Still, separating public duty from personal emotions was difficult. After making the call on the hydrogen bomb, Truman tried to rationalize his decision, but his words revealed how conflicted he himself was. “We’re going to use this for peace and never use it for war,” he said. “I’ve always said this and you’ll see. It will be like poison gas, never used again.” As it happens, he’s been right so far (about hydrogen bombs, not poison gas). But one wonders whether he believed the weapons would never be used because of the sheer terror they entailed — or in spite of it.
The doublethink of deterrence became even starker under Eisenhower. The former supreme allied commander of Europe arrived in office shortly after the United States and the Soviet Union tested thermonuclear bombs. Nuclear conflict, previously seen as just a messier version of World War II, was now synonymous with the end of the world. That’s why many found it counterintuitive and even appalling when Eisenhower, who had seen the horrors of war on the European continent, adopted a policy of “massive retaliation.” The idea was to threaten a significant nuclear response to any Soviet provocations, both to save money on conventional forces in Europe and to make the thought of war so terrifying that it could never happen: threatening war to prevent war.
To make this early form of nuclear deterrence work, however, Eisenhower had to show that he meant what he said. So he fought against the idea that nuclear arms belonged in some special, unusable category, indicating through official documents and his own statements that nuclear weapons were no different from conventional ones. “I see no reason,” he maintained, “why they shouldn’t be used just exactly as you would use a bullet or anything else.”
Yet no other president so clearly embodies the contradictions of nuclear deterrence. Even as he promised massive retaliation and showed his willingness to go to the nuclear brink in places like Berlin and Taiwan, Eisenhower was deeply conflicted about nuclear weapons. He realized that prevailing in a thermonuclear conflict would be nothing like the triumphant victory of 1945. “What do you do with the world after you have won victory in such a catastrophic nuclear war?” he wondered. Another time, he concluded darkly that “the only thing worse than losing a global war was winning one.”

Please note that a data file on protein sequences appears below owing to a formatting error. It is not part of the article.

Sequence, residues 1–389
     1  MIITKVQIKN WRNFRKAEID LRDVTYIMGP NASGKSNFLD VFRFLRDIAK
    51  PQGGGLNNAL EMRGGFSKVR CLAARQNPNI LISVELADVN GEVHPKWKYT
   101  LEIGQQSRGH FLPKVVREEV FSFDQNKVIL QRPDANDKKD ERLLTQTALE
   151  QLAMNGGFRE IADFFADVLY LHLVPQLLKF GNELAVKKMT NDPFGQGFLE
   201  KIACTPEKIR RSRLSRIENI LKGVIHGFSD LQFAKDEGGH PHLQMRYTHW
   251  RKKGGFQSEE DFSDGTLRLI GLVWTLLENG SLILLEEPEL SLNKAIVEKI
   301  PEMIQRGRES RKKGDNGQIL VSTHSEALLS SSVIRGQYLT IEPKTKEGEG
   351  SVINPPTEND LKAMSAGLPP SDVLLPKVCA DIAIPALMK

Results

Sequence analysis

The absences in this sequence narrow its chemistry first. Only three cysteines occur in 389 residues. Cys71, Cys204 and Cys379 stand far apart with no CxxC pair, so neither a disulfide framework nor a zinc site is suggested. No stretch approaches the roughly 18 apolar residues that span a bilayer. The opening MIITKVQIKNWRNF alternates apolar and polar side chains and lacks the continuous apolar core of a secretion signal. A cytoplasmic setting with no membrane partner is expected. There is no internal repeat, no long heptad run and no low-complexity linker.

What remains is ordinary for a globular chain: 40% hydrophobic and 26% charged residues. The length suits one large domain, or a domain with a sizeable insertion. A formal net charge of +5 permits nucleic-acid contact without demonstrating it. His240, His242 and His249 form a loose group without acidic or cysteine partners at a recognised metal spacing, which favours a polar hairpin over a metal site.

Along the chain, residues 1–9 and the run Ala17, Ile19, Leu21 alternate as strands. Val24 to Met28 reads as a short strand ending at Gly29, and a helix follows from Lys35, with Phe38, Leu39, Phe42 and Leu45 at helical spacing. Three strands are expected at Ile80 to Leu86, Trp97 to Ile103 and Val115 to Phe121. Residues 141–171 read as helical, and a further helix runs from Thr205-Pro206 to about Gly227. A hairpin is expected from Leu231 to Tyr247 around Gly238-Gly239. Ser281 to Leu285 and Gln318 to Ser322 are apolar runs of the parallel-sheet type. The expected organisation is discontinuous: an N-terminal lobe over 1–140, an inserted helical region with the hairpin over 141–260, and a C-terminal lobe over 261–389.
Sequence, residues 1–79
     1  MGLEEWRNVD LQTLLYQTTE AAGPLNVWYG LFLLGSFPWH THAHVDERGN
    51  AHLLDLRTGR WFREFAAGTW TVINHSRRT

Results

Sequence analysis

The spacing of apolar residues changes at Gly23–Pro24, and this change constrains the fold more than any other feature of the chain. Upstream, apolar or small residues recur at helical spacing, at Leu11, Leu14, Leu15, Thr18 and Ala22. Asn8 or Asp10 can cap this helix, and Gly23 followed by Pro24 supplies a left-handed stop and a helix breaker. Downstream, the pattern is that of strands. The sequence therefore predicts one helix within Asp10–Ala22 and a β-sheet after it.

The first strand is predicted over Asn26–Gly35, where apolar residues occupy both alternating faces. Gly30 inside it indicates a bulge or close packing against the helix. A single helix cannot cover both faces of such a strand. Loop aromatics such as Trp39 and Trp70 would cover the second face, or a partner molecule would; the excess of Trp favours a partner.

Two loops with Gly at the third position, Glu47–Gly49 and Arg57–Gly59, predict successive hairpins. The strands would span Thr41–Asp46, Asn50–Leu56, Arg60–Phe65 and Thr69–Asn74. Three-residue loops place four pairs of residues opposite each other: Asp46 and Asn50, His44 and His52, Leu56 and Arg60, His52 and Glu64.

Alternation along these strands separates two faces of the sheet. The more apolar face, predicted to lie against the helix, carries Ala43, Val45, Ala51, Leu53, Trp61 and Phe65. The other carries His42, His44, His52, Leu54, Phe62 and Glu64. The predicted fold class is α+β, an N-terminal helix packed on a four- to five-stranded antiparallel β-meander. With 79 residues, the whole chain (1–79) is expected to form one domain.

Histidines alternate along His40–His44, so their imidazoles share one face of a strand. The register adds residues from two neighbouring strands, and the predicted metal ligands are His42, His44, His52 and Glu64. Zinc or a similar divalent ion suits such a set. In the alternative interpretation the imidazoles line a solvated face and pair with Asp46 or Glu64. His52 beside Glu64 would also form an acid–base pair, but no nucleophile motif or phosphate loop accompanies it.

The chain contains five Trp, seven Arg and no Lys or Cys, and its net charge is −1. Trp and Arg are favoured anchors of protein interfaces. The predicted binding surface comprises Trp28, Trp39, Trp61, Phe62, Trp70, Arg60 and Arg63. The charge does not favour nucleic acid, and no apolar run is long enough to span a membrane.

It’s impossible to know whether Eisenhower ever would have carried out his nuclear threats. And it’s hard to say whether he perceived any contradiction between his words, actions, and emotions. More likely, he saw massive retaliation as the logical way to prevent war, not something that invited it. Yet Eisenhower wondered about the aggressive nuclear and military posture he himself had contributed to building up. In the same farewell address in which he famously warned about the military-industrial complex, the president who had once said, “If the Russians want war over Berlin, they can have it,” expressed regret for not making the world safer from nuclear terror:
Disarmament with mutual honor and confidence is a continuing imperative. … I confess that I lay down my official responsibilities in this field with a definite sense of disappointment. As one who has witnessed the horror and the lingering sadness of war, as one who knows that another war could utterly destroy this civilization … I wish I could say tonight that a lasting peace is in sight.
As Eisenhower biographer Will Hitchcock told me in Episode 3, “It’s evident that there is a tension in Eisenhower and his grand strategy. On the one hand, he is a man who very much wants to avoid war. And yet, here he is building up this enormous nuclear arsenal, and also talking quite casually with his advisers about using nuclear weapons just as if they were ordinary weapons of war.”
“But of course,” Hitchcock added, “this tension is not Eisenhower’s tension. This is the tension of the Cold War itself.”
After Eisenhower, John F. Kennedy’s administration came in hoping to find more sensible nuclear solutions. Appalled by the all-or-nothing nature of massive retaliation, Secretary of Defense Robert McNamara and his team of “whiz kids” pursued a supposedly more humane approach called flexible response — the idea that instead of going to all-out nuclear war when provoked, we could find tailored, proportionate responses to keep nuclear weapons in check while still taking advantage of their power. Yet as nuclear scholar Frank Gavin has argued, flexible response proved little different from the system it sought to replace. McNamara soon concluded that trying to plan for a controlled nuclear war was impossible. And so the question remained: Was there any form of nuclear deterrence that didn’t risk precisely the sort of civilization-ending cataclysm Kennedy and company were trying to avoid? The absurdity of the arms race, it seems, produced absurd solutions that were the worst option — except, perhaps, for all the others.